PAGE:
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Lessons Learned from OFAC’s Rapidly Increasing Enforcement Response

Last month, the U.S. Department of the Treasury’s Office of Foreign Assets Control (OFAC) concurrently announced Findings of Violation against two insurance companies. According to the announcements, AXA Equitable Life Insurance Company issued health insurance policies to designated individuals. A subsidiary of Humana, Inc.serviced these policies as a Third Party Administrator in violation of sanctions regulations.

While there is no direct monetary penalty from a Finding of Violation, businesses are nonetheless advised to modify their compliance programs in response to OFAC’s articulations of compliance expectations. The agency will likely determine that a significant civil monetary penalty is appropriate for similar future apparent violations by other businesses.

OFAC typically issues Findings of Violation to promote certain aspects of compliance. The agency’s increasing issuance of Findings of Violation makes failure to heed these warnings especially reckless. To date, OFAC has only issued nine such penalties, but seven of these announcements occurred in the past year.

Findings of Violation Compliance Failures

The compliance failures giving rise to Findings of Violation occurred as a result of internal controls and compliance training that were inadequate for mitigating inherent risk.  Failures in the testing and auditing functions of compliance programs in some cases led to violations that continued for years.

  • The Findings of Violation against AXA and Humana highlight the need to screen both direct and third-party customers.
  • The apparent violations described in the July 2016 penalty against Compass Bank arose from failure to screen dormant accounts.
  • In March 2016, OFAC issued a Finding of Violation against MasterCard International Incorporated alleging that the company failed to report blocked Iranian accounts.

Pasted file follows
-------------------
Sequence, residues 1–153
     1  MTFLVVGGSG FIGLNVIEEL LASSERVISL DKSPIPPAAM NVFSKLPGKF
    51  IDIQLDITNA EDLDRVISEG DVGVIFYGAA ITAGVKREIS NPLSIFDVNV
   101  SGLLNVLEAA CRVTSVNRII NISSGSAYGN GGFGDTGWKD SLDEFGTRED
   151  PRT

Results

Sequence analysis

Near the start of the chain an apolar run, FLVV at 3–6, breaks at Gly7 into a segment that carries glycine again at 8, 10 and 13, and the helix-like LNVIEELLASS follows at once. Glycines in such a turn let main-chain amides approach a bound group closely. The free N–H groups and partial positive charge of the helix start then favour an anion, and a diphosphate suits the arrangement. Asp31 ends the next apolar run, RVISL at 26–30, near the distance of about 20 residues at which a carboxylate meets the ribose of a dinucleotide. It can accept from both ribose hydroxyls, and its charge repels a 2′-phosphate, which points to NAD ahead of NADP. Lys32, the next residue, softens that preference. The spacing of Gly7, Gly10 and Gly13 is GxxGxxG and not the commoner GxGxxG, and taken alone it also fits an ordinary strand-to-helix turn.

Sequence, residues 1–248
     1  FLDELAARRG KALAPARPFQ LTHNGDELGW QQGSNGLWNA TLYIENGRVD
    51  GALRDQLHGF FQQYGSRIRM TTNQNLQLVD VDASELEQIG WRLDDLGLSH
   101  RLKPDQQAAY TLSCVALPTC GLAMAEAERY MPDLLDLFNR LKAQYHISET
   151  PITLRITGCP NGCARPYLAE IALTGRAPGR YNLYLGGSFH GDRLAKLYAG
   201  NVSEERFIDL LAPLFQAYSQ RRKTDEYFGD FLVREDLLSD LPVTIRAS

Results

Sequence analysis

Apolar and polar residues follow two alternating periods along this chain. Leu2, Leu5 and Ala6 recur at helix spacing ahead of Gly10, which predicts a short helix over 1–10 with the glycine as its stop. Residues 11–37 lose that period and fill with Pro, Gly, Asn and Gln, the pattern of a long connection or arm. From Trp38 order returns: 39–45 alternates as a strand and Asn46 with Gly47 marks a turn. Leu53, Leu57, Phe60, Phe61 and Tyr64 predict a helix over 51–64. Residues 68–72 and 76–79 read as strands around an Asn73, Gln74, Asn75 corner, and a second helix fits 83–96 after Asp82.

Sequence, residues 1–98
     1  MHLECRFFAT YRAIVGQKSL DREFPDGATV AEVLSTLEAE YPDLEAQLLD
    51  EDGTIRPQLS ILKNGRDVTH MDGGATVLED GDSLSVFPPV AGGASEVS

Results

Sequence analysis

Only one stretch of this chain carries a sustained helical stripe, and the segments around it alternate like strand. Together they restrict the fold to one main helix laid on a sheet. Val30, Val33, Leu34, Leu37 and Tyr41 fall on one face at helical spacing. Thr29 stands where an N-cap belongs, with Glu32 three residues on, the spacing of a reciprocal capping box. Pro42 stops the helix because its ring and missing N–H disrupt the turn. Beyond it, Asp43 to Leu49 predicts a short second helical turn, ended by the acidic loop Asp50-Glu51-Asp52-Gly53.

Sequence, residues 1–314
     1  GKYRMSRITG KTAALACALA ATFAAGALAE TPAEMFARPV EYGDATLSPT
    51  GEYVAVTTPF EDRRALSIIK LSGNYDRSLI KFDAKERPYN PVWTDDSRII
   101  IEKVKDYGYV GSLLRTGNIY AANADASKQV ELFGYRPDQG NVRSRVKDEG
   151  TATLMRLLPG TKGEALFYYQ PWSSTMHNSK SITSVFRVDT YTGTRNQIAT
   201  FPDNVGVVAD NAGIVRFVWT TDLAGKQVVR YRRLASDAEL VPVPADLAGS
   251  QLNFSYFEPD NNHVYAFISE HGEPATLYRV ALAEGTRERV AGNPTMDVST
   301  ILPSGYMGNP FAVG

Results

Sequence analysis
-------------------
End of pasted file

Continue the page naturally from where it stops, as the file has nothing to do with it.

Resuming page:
• The October 2015 announcement against BMO Harris Bank NA serves as a warning that false hit lists (alternatively referred to as “good guys lists,” “whitelists,” or “exemption lists”) require regular review and revision.
  • Failure to properly train a sales manager responsible for the Middle East and North Africa led to apparent violations described in the February 2016 Finding of Violation againstJohnson and Johnson (Middle East) Inc.
  • OFAC determined that the August 2015 Finding of Violation against Schlumberger Oilfield Holdings, Inc. was the appropriate enforcement response to apparent violations, because of the substantial parallel criminal fine and forfeiture.
  • OFAC issued an August 2013 Finding of Violation against VISA International Service Association to promote its reporting obligations.
  • In October 2010, OFAC determined that a Finding of Violation against Christ for All Nationswas the appropriate enforcement response after weighing the clear violation and the licensable, non-commercial nature of the conduct.

We will continue to monitor OFAC enforcement actions and publish updates as significant developments arise.

Copyright Holland & Hart LLP 1995-2022.National Law Review, Volume VI, Number 259
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About this Author

Jeremy Paner, Economic, Trade Sanctions Attorney, HOlland Hart Law Firm
Of Counsel

Mr. Paner is Of Counsel at Holland & Hart's Washington, DC office. His practice focuses on economic and trade sanctions compliance issues, in addition to general white collar criminal and regulatory investigations. Mr. Paner leverages his sophisticated governmental experience to deliver valuable risk analysis and compliance and avoidance advice to private clients.

Prior to joining Holland & Hart, Mr. Paner was the New York State Department of Financial Services appointed independent economic sanctions monitor of a major international...

202-654-6912
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